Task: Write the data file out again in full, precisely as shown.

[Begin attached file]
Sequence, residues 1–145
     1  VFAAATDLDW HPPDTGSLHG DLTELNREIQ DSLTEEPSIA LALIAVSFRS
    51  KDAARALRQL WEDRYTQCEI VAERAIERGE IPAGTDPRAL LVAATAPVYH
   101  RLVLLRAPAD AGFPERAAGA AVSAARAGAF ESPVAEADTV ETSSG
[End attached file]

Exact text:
Sequence, residues 1–145
     1  VFAAATDLDW HPPDTGSLHG DLTELNREIQ DSLTEEPSIA LALIAVSFRS
    51  KDAARALRQL WEDRYTQCEI VAERAIERGE IPAGTDPRAL LVAATAPVYH
   101  RLVLLRAPAD AGFPERAAGA AVSAARAGAF ESPVAEADTV ETSSG